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Progress is ongoing at Bedford Memorial

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By John Barnhart

Progress at Bedford Memorial Hospital has been an ongoing project this year.

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    According to Patti Jurkus, the hospital’s CEO, the hospital recently completed a major renovation of the medical/surgical floor that occupies the former obstetrics floor.
    This was more than just cosmetic. They ripped out ceilings. They ripped up floors. They reconfigured rooms.
    The result does not look like a 1950s hospital.
    The halls are bright, spotlessly clean and modern looking. They have seats that fold out from the wall that allow nurses to update a patient’s records, on their computer carts, outside a patient’s room if need be.
    All the rooms are now private rooms. The old commodes were removed and replaced with new ones that are higher. In addition to a large reclining chair, with a hinged side that makes it easier for  patients to get in and out, there are chairs for guests that fold into the wall when not being used. All equipment, and connections for equipment, are centralized in one spot, next to the bed. Everything is in the same place in each room, helping a nurse to move quickly when seconds count.
    Each room also has a small board, on the doorway, with tabs that can be flipped out, letting a nurse see at a quick glance if there are special   conditions  that  affect the patient — for example a notice that lets a nurse know that the patient is at a high risk of falling, or a tab that alerts the nurse to check the patient’s records for allergies.
    The goal is to make people, who are having a bad time, as comfortable as possible.
    There is a brand-new family waiting area on the surgical floor. This includes a soft sofa, comfortable chairs and lighting that can be either subdued or bright. There is fresh coffee at all times and a refrigerator that family members can use to store snacks. One special feature is a wide-screen video monitor that displays information on where the patient is at all times during the process. The idea is to make family members as comfortable as possible, and keep them updated, as a loved one goes through surgery.
    “We take care of family,” Jurkus said.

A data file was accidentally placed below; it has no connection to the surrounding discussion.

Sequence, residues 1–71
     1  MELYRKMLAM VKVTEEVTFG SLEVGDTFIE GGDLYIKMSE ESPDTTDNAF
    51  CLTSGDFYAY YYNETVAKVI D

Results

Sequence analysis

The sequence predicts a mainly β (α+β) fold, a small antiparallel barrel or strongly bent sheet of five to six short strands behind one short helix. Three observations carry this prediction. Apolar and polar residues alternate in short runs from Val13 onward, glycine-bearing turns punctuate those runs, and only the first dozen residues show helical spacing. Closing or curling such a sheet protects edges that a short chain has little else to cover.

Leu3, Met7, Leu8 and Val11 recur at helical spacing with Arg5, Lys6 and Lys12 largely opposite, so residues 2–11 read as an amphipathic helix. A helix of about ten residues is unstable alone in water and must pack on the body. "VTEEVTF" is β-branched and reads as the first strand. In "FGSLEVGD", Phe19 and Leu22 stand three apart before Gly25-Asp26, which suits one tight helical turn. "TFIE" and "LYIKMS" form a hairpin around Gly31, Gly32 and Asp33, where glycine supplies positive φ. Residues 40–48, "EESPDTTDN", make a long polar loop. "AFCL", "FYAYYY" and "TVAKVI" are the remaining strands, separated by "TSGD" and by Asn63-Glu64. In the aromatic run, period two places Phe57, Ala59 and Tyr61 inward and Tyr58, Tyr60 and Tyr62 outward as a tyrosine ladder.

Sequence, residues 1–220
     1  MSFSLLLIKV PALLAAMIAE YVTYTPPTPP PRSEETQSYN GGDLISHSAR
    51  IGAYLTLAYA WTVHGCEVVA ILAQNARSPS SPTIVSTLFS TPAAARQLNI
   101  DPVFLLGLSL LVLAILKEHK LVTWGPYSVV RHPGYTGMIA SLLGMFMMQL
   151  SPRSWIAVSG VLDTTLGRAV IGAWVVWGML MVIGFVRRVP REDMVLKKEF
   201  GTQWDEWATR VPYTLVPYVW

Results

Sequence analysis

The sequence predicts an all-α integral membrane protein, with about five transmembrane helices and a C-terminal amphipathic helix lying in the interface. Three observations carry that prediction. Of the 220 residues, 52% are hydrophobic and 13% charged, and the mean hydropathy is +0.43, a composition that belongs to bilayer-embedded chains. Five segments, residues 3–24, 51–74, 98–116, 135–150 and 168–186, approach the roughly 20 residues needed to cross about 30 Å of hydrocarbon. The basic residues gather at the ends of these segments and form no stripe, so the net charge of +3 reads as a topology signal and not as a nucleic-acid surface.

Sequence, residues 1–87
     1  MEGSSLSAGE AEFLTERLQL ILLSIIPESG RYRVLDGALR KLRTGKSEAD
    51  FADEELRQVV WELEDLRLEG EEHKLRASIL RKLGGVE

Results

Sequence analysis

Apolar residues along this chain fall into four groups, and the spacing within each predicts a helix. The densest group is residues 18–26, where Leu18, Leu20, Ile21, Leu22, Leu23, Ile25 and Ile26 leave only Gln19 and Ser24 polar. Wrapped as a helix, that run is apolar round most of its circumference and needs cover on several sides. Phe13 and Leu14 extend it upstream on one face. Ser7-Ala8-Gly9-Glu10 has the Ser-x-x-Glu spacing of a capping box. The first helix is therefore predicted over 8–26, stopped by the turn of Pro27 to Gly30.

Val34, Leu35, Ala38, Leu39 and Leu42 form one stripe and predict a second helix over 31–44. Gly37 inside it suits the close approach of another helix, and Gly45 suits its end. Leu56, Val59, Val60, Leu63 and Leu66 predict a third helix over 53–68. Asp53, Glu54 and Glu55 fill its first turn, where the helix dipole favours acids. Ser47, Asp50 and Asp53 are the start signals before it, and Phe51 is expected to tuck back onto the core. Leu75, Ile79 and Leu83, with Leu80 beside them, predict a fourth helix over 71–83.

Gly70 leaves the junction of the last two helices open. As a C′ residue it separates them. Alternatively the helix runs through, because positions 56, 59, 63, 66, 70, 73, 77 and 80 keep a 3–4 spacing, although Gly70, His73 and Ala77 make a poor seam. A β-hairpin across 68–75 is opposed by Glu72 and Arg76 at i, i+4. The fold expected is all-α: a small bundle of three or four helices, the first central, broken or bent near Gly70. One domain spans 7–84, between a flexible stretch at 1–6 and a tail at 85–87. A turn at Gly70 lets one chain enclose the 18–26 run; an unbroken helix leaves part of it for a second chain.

There is a new nursing station on the floor.
    “It changed the flow of work,” said Moira Hargis, the unit manager.
    The renovation has also included new employees. The hospital has added staff on the floor.
    “People want to work here,” Jurkus said. This makes recruiting easier.
    Jurkus said they are now renovating surgical areas. This is a $100,000 facelift.
    “It’s basically cosmetic because we already have state of the art equipment,” Jurkus said.
    The next major project will be a $1 million renovation of the emergency department. Jurkus said this will reconfigure the department, providing better patient flow through the emergency room and prepare the way for an expansion of the department.
    “That will involve construction,” Jurkus said.
    A new feature of the department will be triage staffed by a nurse. This allows them to make sure the most critical patients coming in — somebody having a heart attack, for example — get treated fast.
    The cafeteria, open to staff and patients’ family members, has been totally renovated and efforts have been made to provide food that tastes good and is healthy. There is a regular menu of each meal and items that can be made to order. Right now, there is Halloween art from Forest Middle School students in the hall outside the cafeteria and windows in the cafeteria dining room make it visible to people having a meal.
    “In the morning, they make fresh muffins,” Jurkus noted.
    Food served to patients has undergone the same upgrade and they have options in addition to what’s on the regular menu.
    Another area of progress at Bedford Memorial has come on Falling Creek Road. The hospital took the former Bedford House under its wing, bringing this facility back to life after changes in state rules, made as this community financed hospice house was under construction, made it impossible to operate as a stand alone hospice house.
    Now renamed Bedford Hospice House, the hospice house now has its license.
    “We have two more nurses to hire and we are ready,” said Jurkus.
    Jurkus said they are looking for two licensed practical nurses (LPN). She added that Centra will help LPNs work toward becoming registered nurses (RN).